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April 22 (Reuters) – Russia has opened a legal circumstance in opposition to a outstanding opposition activist on suspicion of spreading phony facts about Moscow’s military campaign in Ukraine, his law firm mentioned on Friday.
Vladimir Kara-Murza was detained outside the house his household in Moscow on April 11, hours after CNN aired an interview in which he criticised Russia’s actions in Ukraine.
He was later on sentenced to 15 times in jail for disobeying law enforcement orders on currently being detained, Kara-Murza’s law firm, Vadim Prokhorov, said at the time.
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A Moscow court docket on Friday declared that Kara-Murza would stay in detention till June 12 at the request of the investigator handling the case, Interfax news company noted.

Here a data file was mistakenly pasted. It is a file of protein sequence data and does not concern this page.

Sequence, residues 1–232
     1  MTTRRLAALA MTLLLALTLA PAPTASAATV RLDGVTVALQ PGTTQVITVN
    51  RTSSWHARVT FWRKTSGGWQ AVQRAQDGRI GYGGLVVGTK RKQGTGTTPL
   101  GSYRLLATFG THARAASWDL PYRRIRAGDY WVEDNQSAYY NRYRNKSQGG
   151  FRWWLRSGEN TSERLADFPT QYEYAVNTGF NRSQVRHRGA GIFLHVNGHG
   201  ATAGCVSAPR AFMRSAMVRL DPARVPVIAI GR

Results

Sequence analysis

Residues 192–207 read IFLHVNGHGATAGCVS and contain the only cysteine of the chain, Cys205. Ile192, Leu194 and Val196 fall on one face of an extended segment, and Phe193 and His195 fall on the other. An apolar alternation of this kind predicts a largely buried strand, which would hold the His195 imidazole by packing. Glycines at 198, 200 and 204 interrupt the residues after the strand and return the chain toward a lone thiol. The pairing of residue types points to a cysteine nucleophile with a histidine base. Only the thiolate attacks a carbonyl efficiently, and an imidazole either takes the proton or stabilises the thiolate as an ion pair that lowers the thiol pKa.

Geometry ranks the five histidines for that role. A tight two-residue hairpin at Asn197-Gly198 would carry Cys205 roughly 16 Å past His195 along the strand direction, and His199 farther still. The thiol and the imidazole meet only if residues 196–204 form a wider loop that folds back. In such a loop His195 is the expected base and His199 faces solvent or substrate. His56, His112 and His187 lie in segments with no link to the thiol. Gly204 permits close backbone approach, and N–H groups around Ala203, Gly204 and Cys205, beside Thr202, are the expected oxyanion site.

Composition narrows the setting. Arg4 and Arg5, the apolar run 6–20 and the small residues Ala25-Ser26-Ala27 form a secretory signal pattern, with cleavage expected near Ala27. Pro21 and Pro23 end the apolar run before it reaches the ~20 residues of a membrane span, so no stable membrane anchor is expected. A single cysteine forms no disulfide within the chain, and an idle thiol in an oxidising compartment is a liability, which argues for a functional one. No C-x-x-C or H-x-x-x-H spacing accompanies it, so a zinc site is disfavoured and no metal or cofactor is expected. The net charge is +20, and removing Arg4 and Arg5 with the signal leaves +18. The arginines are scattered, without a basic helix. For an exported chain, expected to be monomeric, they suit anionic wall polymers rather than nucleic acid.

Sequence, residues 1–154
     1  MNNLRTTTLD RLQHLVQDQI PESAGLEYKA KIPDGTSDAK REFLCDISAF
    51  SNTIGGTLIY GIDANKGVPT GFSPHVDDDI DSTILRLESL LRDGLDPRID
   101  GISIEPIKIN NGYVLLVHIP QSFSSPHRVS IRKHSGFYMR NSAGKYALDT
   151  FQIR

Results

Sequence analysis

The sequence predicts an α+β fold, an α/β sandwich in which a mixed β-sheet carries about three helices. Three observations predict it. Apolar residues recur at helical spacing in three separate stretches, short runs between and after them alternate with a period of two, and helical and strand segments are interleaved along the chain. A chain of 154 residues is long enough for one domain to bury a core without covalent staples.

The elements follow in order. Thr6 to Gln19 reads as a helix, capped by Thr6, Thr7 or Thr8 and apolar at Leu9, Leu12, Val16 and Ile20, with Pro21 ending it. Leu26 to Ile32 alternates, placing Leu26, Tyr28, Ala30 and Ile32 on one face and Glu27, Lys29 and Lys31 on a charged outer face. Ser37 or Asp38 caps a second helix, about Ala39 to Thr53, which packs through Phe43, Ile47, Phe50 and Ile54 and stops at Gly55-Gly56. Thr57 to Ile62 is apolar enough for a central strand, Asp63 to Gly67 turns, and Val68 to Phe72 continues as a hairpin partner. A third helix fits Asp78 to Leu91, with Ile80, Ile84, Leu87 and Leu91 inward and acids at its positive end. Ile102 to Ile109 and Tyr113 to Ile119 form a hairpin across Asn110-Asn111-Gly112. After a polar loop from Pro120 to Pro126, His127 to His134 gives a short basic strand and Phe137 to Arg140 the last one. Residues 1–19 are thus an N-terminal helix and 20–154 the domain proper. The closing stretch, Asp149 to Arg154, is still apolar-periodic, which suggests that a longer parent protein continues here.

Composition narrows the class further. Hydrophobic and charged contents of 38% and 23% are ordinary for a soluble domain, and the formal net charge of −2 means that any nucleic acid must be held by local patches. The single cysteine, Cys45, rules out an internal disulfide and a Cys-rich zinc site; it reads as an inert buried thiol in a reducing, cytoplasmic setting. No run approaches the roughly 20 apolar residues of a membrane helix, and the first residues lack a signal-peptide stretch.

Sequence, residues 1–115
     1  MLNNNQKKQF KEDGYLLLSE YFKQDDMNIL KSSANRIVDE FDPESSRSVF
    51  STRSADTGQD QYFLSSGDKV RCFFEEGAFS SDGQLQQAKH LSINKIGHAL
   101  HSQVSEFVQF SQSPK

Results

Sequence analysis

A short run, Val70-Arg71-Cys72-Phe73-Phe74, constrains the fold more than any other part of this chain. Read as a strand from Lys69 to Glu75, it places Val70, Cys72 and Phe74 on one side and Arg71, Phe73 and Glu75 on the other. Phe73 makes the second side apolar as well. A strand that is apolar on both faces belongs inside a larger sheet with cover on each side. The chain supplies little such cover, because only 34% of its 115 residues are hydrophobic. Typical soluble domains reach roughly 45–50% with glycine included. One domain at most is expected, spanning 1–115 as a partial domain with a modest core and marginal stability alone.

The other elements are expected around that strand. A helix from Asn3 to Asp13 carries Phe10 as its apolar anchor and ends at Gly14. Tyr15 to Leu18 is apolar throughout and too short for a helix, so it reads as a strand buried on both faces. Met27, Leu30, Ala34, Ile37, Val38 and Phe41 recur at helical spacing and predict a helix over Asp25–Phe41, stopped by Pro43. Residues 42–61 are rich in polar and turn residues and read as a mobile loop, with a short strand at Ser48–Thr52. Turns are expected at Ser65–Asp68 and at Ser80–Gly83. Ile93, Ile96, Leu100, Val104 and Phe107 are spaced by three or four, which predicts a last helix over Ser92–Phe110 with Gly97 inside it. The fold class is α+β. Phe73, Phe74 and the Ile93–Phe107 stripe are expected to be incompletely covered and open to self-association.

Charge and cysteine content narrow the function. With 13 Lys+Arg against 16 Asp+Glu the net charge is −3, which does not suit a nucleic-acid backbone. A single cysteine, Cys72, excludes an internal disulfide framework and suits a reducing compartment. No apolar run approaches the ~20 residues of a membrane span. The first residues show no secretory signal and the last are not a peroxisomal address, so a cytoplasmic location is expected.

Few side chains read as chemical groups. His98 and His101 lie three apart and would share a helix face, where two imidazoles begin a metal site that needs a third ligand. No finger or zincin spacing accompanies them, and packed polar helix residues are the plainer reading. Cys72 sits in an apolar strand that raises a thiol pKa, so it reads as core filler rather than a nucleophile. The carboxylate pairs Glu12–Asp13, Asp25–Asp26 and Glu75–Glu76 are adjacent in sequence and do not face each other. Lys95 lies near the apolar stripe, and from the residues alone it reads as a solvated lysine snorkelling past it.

Kara-Murza has not been formally charged and Prokhorov denies his client broke the law.
“Vladimir Kara-Murza is now at the primary investigation Section of Russia’s Investigative Committee,” Prokhorov wrote on Fb. “A legal situation has been opened… for ‘public dissemination of deliberately phony information and facts about Russia’s armed forces.'” Prokhorov did not say when specifically the scenario experienced been opened.
Independently, Russia’s justice ministry on Friday additional Kara-Murza to a record of “overseas brokers”, meaning he is subject to stringent monetary reporting necessities and have to preface everything he publishes with a disclaimer. The ministry stated him as a Ukrainian agent. examine far more
The Investigative Committee, the state overall body that probes main crimes, did not right away react to a request for comment.
Russia’s parliament final thirty day period handed a regulation that offers for jail terms of up to 15 several years for those people convicted of deliberately spreading “phony” information about what Moscow calls its “exclusive military services operation” in Ukraine.
Russian officials reported the new regulation was needed for the reason that to guard its military and battle misinformation about its armed service campaign in Ukraine.
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Reporting by Reuters Enhancing by Jon Boyle and Daniel Wallis
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